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Hope Model X does this well on the new small overlap crash test

Discussion in 'Model X: Driving Dynamics' started by rogbmw, Sep 19, 2015.

  1. rogbmw

    rogbmw Member

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    #1 rogbmw, Sep 19, 2015
    Last edited by a moderator: Mar 13, 2016
    IIHS just tested the Volvo XC90 on the small overlap crash test and released the video a 2 days ago. It scored the best category available on the new small overlap crash test. Hope that the Model X will do as well or better.



    This crash test is really tearing up many of the SUV's. The Mazda CX-9 failed miserably and received a test rating of Poor. Here is a link to its test. Just look at the way the A-Pillar deformed in the test.



    http://jalopnik.com/watch-this-absolutely-brutal-crash-test-of-a-mazda-cx-9-1560931424
     
  2. Vitold

    Vitold Member

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    #2 Vitold, Sep 19, 2015
    Last edited by a moderator: Mar 13, 2016
    It is interesting to note that Model S has never been tested for small overlap crash.

    Many cars fail this test but even 20k Subaru can do it - there is really no excuse:

    [video]http://www.iihs.org/iihs/ratings/vehicle/v/subaru/forester-4-door-suv#inline[/video]

     
  3. AnOutsider

    AnOutsider S532 # XS27

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    Should be interesting to see how this pans out. One of the plusses to owning a Tesla is safety, so I'd imagine that would be at the top of their list.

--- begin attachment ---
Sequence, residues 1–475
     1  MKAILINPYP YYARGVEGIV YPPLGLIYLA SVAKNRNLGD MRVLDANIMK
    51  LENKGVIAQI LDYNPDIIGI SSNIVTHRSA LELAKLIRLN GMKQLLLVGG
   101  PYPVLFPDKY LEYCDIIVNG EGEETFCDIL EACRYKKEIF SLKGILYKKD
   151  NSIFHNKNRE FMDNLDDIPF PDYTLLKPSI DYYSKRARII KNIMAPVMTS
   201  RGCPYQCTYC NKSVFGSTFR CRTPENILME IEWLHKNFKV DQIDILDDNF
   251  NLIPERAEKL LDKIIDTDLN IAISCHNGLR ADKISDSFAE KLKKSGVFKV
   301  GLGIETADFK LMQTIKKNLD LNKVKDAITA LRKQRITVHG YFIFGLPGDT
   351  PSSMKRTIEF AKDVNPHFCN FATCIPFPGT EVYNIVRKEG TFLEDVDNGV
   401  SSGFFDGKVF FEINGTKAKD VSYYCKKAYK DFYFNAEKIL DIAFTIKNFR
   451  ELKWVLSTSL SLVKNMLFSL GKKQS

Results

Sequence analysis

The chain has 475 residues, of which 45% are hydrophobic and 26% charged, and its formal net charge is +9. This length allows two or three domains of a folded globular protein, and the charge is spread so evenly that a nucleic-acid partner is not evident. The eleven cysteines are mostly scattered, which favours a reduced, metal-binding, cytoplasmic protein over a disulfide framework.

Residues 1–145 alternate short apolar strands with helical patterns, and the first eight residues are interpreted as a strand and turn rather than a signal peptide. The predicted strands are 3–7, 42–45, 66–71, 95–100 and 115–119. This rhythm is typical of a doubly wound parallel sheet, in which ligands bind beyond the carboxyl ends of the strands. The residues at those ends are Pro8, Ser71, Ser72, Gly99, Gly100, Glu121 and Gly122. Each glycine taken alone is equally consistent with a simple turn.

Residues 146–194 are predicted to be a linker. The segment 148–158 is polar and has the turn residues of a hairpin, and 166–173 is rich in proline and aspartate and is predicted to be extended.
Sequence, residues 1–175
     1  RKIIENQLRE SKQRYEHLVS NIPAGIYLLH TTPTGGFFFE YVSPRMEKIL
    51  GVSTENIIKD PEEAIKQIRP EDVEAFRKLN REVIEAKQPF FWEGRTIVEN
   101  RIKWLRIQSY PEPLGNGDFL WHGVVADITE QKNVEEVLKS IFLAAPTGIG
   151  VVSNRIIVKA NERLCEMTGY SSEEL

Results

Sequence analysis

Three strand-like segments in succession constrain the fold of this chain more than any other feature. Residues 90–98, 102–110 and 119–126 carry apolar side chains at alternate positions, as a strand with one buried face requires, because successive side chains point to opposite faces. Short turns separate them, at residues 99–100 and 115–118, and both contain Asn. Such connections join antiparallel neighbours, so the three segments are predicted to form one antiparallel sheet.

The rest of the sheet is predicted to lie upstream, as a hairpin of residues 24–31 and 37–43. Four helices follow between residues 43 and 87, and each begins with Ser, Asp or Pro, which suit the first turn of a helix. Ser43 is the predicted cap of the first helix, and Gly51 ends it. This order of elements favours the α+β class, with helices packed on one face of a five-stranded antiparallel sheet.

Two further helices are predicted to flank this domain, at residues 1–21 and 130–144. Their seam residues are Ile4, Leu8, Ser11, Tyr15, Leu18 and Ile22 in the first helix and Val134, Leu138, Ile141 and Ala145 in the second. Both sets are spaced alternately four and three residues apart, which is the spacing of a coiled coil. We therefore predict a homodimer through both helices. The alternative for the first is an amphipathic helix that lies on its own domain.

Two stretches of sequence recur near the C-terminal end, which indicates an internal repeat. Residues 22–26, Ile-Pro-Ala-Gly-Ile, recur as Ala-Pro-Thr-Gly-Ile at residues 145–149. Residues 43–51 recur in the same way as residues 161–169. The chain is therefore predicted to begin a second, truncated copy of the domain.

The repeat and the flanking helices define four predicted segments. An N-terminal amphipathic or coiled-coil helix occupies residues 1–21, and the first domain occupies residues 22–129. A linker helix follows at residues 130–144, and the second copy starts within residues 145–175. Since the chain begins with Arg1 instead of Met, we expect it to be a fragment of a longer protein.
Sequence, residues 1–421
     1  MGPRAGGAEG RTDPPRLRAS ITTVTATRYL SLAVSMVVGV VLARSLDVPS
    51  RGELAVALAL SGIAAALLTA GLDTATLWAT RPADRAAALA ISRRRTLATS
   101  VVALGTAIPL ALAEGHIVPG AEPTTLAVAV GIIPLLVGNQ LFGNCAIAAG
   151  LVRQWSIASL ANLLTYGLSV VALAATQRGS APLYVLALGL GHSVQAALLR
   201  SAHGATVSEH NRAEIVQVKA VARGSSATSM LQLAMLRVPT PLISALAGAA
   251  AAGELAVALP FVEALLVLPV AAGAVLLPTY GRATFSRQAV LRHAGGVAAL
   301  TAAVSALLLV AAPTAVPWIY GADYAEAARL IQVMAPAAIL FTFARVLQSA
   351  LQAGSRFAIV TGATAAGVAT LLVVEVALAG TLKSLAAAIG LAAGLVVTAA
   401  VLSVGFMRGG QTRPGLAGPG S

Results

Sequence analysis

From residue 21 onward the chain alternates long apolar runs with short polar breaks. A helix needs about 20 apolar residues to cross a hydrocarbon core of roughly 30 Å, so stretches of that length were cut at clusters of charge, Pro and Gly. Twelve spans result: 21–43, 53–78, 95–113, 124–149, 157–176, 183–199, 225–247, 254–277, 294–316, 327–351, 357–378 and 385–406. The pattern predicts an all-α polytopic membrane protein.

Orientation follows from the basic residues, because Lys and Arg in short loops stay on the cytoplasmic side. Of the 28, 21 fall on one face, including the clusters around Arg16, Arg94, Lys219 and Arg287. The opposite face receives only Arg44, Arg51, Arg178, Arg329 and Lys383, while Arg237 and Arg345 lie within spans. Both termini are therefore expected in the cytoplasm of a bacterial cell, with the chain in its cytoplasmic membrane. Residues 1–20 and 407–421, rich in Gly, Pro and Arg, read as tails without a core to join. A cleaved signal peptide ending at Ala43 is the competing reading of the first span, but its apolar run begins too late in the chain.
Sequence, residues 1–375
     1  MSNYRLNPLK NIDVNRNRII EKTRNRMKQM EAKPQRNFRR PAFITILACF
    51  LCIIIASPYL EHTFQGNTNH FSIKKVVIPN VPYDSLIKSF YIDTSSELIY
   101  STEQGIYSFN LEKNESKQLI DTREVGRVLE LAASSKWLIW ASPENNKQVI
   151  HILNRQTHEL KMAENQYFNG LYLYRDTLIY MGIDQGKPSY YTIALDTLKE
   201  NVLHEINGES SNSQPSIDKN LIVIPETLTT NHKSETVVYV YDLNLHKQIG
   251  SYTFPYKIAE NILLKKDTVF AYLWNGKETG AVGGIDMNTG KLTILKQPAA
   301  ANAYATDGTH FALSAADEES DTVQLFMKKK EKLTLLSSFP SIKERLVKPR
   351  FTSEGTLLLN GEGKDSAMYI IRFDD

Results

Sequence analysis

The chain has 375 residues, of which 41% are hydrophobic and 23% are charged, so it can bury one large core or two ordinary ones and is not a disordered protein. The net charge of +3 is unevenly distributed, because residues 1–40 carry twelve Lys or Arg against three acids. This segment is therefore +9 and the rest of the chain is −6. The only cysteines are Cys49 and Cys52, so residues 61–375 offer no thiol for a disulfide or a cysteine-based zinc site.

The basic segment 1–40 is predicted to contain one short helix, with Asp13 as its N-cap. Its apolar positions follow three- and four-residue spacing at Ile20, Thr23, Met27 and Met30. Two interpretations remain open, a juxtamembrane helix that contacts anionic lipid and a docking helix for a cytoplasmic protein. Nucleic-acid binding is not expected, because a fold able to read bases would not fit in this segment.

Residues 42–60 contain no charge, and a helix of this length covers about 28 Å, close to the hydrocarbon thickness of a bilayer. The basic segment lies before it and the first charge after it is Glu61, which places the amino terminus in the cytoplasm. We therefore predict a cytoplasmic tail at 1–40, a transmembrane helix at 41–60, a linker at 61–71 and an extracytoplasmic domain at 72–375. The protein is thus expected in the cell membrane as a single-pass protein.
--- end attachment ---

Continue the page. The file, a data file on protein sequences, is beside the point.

4. AnxietyRanger

    AnxietyRanger Active Member

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    Not sure if it really matters when the pax have placed their heads in the ample frunk and their bodies in the queen-sized bed that is the folded third row.
     
  5. lloyds

    lloyds Member

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    any word on when the X would be tested?
     
  6. joshua.MA

    joshua.MA Member

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  7. trils0n

    trils0n 2013 P85

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    I don't think the IIHS tested the Model S at all. I think their excuse was it wasn't going to sell enough to be tested. Wonder if they will test the Model X. Pretty confident it will ace any tests though, just like the Model S did for the NHTSA tests.
     
  8. Petra

    Petra Member

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    That's correct, the IIHS has never tested the Model S and have stated that they don't currently have plans to due to the vehicle being a high cost, low volume vehicle. The same can be said of the BMW 7-Series, Audi A8, Mercedes S-Class, Mercedes G-Class, etc. They also don't test anything that they deem a "sports car" which is why they've never tested cars like the Mazda Miata.